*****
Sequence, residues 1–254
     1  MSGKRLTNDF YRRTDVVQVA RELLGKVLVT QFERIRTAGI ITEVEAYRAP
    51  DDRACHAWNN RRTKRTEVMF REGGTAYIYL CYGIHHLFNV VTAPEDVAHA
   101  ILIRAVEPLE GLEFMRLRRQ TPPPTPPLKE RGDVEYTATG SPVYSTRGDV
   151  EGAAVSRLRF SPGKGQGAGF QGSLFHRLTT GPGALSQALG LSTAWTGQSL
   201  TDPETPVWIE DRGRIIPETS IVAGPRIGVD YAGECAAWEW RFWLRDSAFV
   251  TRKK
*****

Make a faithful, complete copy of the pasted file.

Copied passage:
Sequence, residues 1–254
     1  MSGKRLTNDF YRRTDVVQVA RELLGKVLVT QFERIRTAGI ITEVEAYRAP
    51  DDRACHAWNN RRTKRTEVMF REGGTAYIYL CYGIHHLFNV VTAPEDVAHA
   101  ILIRAVEPLE GLEFMRLRRQ TPPPTPPLKE RGDVEYTATG SPVYSTRGDV
   151  EGAAVSRLRF SPGKGQGAGF QGSLFHRLTT GPGALSQALG LSTAWTGQSL
   201  TDPETPVWIE DRGRIIPETS IVAGPRIGVD YAGECAAWEW RFWLRDSAFV
   251  TRKK